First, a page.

Even before the pandemic, The Tyra Law Firm was a mostly virtual law practice. Sure, we still have an office downtown, but we like to use technology to keep our practice versatile. That way, we are able to serve families that are too busy to come downtown in the middle of a workday. By using a variety of different tools, we are able to serve our clients when and where they are. It's one of the things our clients love most about us. But, even for a techie like me, this pandemic has me searching for new and better tools to continue serving our clients from home.
The more new tools I use, the more online accounts I have to create. That means more passwords to remember, more usernames to create, and the broader an online presence I have to track. All of these virtual operations got me thinking, if this is getting a little overwhelming for me, a self-admitted tech nerd, then surely it's getting out of hand for others. And they may seem like an unlikely pairing, but organizing your online accounts and preparing your estate plan actually go hand-in-hand.
How Your Estate Plan Can Help You Keep Track of Your Passwords
Hear me out. I know it may seem like I think the solution to everything is a good estate plan, but — I actually do! I've written before on this blog about how you can use your estate plan to manage your digital afterlife. In that post, I focused on how your online presence will live on after you pass. By incorporating your digital life into your estate plan, you can take control of your online assets (like emails, social media profiles, and virtually-stored photos, videos, documents, and music). But, there's an amazing side benefit to putting all these accounts in one place. You have the opportunity to go through all of your digital assets and track your usernames, passwords, and account details all in one place. Sure, some of us are the types to use encrypted password trackers and the like, but the majority of us just use the same password for every account and rely on the “stored password” feature on our computers. How great would it be to spend a little time going through those accounts, creating a list, and using that living document to keep yourself organized? Sounds like a dream, huh?
Consider What Those Passwords are Protecting
In reality, however, going through this process of organizing your online accounts isn't really about the convenience of remembering your passwords. It's actually about something far more important. In our digital age, especially while many of us are working from home and are tied to our laptops, it's easy to forget how important the assets are that lie behind those passwords. We use online accounts to manage our businesses, to access our finances, to store our writings and communications and precious family photographs. What would happen if we were unable to manage these accounts? What if we became ill? Would our loved ones want or need access to these accounts to be able to pay bills, keep the electricity on, access medical records, view beloved home videos, or manage the family business?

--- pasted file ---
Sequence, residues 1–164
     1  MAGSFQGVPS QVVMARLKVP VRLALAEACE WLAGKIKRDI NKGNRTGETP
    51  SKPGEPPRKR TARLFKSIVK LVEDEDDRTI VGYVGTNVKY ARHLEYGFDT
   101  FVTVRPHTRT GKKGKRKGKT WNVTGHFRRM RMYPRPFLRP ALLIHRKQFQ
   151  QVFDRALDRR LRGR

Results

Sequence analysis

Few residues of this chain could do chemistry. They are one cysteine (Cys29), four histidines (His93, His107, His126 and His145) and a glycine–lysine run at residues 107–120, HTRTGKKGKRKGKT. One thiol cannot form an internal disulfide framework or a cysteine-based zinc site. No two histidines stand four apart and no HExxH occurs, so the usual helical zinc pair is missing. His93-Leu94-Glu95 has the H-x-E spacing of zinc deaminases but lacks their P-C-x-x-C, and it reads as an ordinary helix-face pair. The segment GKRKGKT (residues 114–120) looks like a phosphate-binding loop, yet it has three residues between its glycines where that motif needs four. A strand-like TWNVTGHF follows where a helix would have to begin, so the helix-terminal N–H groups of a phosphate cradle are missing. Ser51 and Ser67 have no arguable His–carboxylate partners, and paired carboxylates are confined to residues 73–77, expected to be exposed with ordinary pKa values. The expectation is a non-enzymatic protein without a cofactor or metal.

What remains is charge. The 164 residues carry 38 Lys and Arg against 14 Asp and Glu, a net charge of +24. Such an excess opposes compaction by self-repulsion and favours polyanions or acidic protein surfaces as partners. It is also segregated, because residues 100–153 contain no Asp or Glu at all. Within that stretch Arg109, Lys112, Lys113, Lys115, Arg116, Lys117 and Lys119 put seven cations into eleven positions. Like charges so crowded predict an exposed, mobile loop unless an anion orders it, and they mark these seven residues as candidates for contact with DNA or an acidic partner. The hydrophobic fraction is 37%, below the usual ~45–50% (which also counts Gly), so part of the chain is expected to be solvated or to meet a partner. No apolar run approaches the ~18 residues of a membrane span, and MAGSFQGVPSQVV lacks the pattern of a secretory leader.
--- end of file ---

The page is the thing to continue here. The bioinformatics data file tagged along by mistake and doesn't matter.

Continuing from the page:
The Future of Estate Planning
As more and more of our lives move online, we are in need of more and more planning and protection surrounding our online assets. That's why it's so important to incorporate digital assets into your estate plan. And what better time to start doing so than right now, when we are spending more time at home and online than ever before? You can even start the old-fashioned way, by taking notes on a sheet of paper as you log onto your accounts today. Make note of each online account, your user name, password, and what assets or information are stored on that account. It will not only help you navigate your online life more easily, but it will help you begin to create a digital estate plan that will help your loved ones, too.
To talk about how you can incorporate digital assets into your estate plan, and to learn more about estate planning during the pandemic, feel free to reach out! Our office number is (301) 315-0811.